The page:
The Diversity Network asked me for an interview to answer the question: what is it really like to be working in academia with a disability?
diversity: 13 Results found.
Here I share my two position papers written as part of the review of the ethical guidelines for the British Educational Research Association.
Imagine! Different in academia. is the recording of a talk presented at the International Symposium on Poetic Inquiry in Cape Town in May 2022.
It is with great excitement and pride that I share a list of scheduled ableism events. Celebrating the launch of my two edited books, find here events about Ableism in Academia.
This is an extract from a guest interview on the Liberating the Curriculum website of UCL published in relation to my ableism in academia work. In this post, I reflect on my ableism work, how I came about to take a leading role in the activism around...
Social Research & Practice and Education Ltd. offers support through coaching, mentoring and CBT counselling to help you reach your goals. Through combining coaching, mentoring and counselling, we are able to target the support where it is needed in the...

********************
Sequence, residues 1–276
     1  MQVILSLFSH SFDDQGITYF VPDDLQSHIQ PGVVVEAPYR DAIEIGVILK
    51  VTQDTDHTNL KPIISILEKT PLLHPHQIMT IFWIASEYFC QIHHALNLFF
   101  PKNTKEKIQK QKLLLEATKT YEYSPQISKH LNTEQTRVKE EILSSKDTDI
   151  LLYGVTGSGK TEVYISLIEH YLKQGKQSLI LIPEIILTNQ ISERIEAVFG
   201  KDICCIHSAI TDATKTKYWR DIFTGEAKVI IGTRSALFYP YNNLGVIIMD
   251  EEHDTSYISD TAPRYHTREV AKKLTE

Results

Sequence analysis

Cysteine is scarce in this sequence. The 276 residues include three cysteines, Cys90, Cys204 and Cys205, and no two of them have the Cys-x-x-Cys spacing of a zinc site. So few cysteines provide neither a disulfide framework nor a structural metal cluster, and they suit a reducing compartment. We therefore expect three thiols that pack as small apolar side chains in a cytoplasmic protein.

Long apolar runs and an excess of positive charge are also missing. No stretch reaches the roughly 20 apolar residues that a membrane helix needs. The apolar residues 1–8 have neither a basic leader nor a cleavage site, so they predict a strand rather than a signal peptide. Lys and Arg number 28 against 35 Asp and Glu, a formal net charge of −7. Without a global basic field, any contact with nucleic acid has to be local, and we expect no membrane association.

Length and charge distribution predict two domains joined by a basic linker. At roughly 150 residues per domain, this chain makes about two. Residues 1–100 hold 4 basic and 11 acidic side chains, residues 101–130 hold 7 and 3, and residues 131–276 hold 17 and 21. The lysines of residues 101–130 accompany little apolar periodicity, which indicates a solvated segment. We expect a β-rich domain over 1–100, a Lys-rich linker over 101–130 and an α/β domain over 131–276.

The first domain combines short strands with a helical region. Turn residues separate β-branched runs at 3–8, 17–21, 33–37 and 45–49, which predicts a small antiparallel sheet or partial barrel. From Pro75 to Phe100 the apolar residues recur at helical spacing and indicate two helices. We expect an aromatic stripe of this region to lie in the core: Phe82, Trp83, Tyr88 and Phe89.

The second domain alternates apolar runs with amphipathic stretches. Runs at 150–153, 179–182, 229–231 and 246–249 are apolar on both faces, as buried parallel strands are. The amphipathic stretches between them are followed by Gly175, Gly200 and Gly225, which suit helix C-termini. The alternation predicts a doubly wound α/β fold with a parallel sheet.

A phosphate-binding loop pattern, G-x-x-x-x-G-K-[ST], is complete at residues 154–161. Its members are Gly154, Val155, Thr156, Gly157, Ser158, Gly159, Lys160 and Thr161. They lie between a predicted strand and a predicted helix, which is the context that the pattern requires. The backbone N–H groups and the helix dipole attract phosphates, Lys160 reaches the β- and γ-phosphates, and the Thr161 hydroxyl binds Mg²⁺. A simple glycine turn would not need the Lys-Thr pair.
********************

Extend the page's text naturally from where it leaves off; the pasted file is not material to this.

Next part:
The National Association of Disabled Staff Networks (NADSN) has produced a COVID-19 post-lockdown position paper. In this paper, NADSN’s observations about the lived experiences of disabled people during COVID-19 are discussed alongside considerations...
This is a contribution to Times Higher Education from February 2018 about invisible disabilities in the higher education sector.
This is a post I wrote in July 2018 about how neurodiverse, chronically ill and disabled academics manage their academic life. This was published as a guest post on the Chronically Academic blog.
This chapter argues that higher education research can benefit from fusing existing methodological and theoretical paradigms with more creative, playful and artistic approaches.
The remit of this paper is to provide practical ideas and recommendations to address accessibility issues in events and conferences as a first step to improving existing working conditions.
From the context of UK higher education this article explores ableism in academia to stimulate a debate and raise awareness of those disabled and ill academics , whose voices are not heard.
Call for contributions to the Ableism in Academia symposium and special edition publication.